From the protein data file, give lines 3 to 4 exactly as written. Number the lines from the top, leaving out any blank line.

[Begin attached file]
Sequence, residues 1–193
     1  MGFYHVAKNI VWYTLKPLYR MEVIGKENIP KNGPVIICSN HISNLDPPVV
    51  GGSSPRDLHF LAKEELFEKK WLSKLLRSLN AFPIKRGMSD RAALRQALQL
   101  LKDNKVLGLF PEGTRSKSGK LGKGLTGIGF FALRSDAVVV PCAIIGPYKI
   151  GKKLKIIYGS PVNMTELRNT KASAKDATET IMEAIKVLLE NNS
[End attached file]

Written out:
    51  GGSSPRDLHF LAKEELFEKK WLSKLLRSLN AFPIKRGMSD RAALRQALQL
   101  LKDNKVLGLF PEGTRSKSGK LGKGLTGIGF FALRSDAVVV PCAIIGPYKI